The Propylaea was the monumental gateway to the Acropolis of Athens, and was one of several public works commissioned by the Athenian leader Pericles in order to rebuild the Acropolis a generation after the conclusion of the Persian Wars. Pericles appointed his friend Phidias as the supervisor and lead architect of this massive project, which Pericles allegedly financed with funds appropriated from the treasury of the Delian League. According to Plutarch, the Propylaea was designed by the architect Mnesikles, about whom nothing else is known. Construction began in 437 BC and was terminated in 432, when the building was still unfinished.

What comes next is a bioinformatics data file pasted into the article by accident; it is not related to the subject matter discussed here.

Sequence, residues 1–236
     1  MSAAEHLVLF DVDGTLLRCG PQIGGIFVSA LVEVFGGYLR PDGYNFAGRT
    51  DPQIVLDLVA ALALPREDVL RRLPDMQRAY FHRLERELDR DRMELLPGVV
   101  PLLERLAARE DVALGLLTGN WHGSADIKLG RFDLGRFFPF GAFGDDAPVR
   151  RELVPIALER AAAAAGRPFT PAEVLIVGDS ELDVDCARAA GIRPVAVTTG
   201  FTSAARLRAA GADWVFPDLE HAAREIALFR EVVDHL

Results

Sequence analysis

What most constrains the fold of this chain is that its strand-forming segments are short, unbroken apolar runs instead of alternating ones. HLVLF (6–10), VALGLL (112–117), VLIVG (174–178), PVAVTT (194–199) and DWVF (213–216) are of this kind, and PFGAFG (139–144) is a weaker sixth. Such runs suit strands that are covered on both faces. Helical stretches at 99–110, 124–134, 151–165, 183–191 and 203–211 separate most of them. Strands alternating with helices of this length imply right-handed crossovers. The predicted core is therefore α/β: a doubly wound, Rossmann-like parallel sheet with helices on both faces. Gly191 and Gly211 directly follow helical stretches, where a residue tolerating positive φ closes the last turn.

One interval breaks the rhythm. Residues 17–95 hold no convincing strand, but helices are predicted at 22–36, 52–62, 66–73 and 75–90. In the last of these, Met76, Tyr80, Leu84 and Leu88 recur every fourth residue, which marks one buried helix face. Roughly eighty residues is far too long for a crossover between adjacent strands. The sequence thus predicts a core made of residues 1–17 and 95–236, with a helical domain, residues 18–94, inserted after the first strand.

The Propylaea was constructed of white Pentelic marble and grey Eleusinian marble or limestone, which was used only for accents. Structural iron was also used, though William Bell Dinsmoor analyzed the structure and concluded that the iron weakened the building. The structure consists of a central building with two adjoining wings on the west (outer) side, one to the north and one to the south.
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